Tyre markings

The diagram below illustrates the most common tyre markings. The markings are used to identify various capabilities of a tyre plus constructions methods used amongst other things.

The various markings are explained below. Click on the image for an enlarged version.

Tyre Markings

Many of the terms above do not apply to the UK. However we have shown them as it is common to find them on your tyres. This is because manufacturers often produce one make of tyre for use in many international markets.

  • Branding – The brand name of the tyre, for example Pilot Sport, P6000, Eagle F1.
  • Tubeless – Means the tyre is of tubeless construction.
  • Country of manufacture – This shows where the tyre was produced.
  • Manufacturers name – This is the name of the company who produces the tyre.
  • DOT compliance symbol – This symbol shows that the tyre meets safety standards as laid down by the United States Department of Transportation.  This symbol has no relevance in the UK market.
  • DOT tyre identification number – These numbers have no significance in the UK market.  However for the US market they identify which plant they were manufactured in, tyre size and type and date of manufacture. The last four numbers identify when the tyre was made.  For example 4613 would mean the tyre was manufactured in the 46th week of 2013.
  • Type of construction – This illustrates the construction type of the tyre.  The most common type for cars these days is R meaning Radial construction.  Less common are B for Bias Belt and D for Diagonal.
  • ECE type approval mark and number – Identifies that the tyre has been approved for use in Europe.  The numbers identify which country approved the tyre and the approval certificate number.
  • Tyre construction details – Not required for the UK market.  Shows details of how the tyre is constructed.
  • Load and pressure marking – Not relevant to the UK.  This marking shows the maximum load capacity in pounds and kilos.  Also shows the maximum tyre pressure in kpa or psi.
  • Rim diameter – This number shows the size of wheel the tyre will fit in inches.  16 for example means the tyre will fit a 16 inch wheel.
  • Width – This number is the width of the tyre tread, expressed in millimeters, for example 205.
  • Aspect ratio – The aspect ratio is the sidewall height as a percentage of the tyre width.  For example the number 55 means the sidewall is 55% of the width of the tyre, in our case 205mm.  High performance tyres often have lower aspect ratios and are referred to as low profile tyres.
  • Load index – The load index refers to the maximum rated weight the tyre can handle.  The number represents a rating on the load index scale.  For example 78 equals 425kg.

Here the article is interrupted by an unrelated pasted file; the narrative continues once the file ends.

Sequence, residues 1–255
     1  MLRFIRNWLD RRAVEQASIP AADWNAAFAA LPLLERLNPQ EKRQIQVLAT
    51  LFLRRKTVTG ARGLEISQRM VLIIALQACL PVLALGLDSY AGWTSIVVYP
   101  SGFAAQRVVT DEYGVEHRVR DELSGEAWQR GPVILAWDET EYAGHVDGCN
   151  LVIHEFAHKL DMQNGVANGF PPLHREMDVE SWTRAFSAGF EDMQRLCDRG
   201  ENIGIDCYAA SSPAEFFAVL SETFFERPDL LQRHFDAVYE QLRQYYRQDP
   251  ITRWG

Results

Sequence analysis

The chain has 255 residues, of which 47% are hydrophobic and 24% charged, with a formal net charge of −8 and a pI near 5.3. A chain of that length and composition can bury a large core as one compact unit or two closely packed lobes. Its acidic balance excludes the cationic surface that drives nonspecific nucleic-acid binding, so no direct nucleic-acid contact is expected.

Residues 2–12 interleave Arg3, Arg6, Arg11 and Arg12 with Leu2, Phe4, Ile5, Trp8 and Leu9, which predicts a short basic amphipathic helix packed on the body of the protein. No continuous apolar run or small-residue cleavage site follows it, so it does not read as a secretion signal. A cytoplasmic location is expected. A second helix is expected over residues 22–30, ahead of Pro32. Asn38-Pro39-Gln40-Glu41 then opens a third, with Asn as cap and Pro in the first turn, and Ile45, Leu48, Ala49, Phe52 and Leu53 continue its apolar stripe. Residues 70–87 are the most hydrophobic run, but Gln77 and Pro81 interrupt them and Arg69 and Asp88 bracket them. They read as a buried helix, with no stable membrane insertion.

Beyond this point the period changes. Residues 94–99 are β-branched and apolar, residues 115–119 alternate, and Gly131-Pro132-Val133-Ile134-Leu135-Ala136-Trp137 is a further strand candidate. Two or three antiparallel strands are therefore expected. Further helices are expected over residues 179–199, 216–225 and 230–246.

• Speed rating – The tyre speed rating refers to the maximum speed that the tyre can safely handle.  The letters refer to a rating on the speed rating table.  In this case T means the tyre is rated for a maximum of 118mph.
  • Mud & snow marking – Used to identify winter tyres.  These tyres are specially designed for use in cold weather conditions.  They contain a higher concentration of silica which helps the tyre to maintain grip in freezing conditions.
  • Uniform tyre quality grading – Not required for UK tyres.  These markings apply in the USA and show how well the tyre is rated for wear, traction and temperature.
  • Rotation – Some tyres known as directional tyres have these arrow markings.  They show which way the tyre should be mounted on the wheel.  They have a particular type of tread pattern which requires the tyre to move in a particular rotation.

Tyre E Mark

Introduced by the Economic Commission for Europe, the tyre E mark is now mandatory on all European tyres. It certifies that the tyre has been approved for use in Europe.  It also signals that the tyre has met certain sizing, performance and marking requirements.

How to identify the tyre E mark

The E mark will be in the form of a circle or rectangle containing the letter “E” or “e” followed by a number. A large letter “E” indicates ECE type approval.  A small letter “e” indicates compliance with EEC Directive 92/23/EEC.


The number following the “E” identifies the country in which the tyre was approved.

ECE Marks

E2FranceE22Russian Federation
E8Czech RepublicE28Belarus
E10YugoslaviaE31Bosnia and Herzegovina
E11United KingdomE32Latvia
E19RomaniaE47South Africa
E20PolandE48New Zealand

The next two digits indicate the Regulation Amendment Series under which the tyre was approved. “02” represents ECE Regulation 30 covering passenger tyres. “00” represents ECE Regulation 54 covering commercial tyres. The remaining digits identify tyre type and size. Some tyres may also have a letter “s” if it has passed certain noise tests. A letter “w” relates to wet traction tests.

The number following the circle/rectangle is the type approval certificate number.

History of the ECE

The ECE was founded in 1947 by the United Nations. It’s main aim is to encourage greater European economic integration. It has also established various standards including regulations relating to tyres. This has been especially useful for tyre manufacturers. The large number of EU countries means it would be difficult and costly to meet each countries tyre standards otherwise.

Do all tyres need a tyre E mark?

Tyres sold outside of Europe do not need ECE type approval. However due to globalisation, increasingly manufacturers are seeking ECE approval anyway.  This may be because their tyres are to be used in both Europe and other locations such as the USA.

More information

For more detail on the tyre E mark and the relevant regulations please see the following links:

United Nations Economic Commission for Europe

ECE Vehicle Regulations

European Commission Directive 92/23/EEC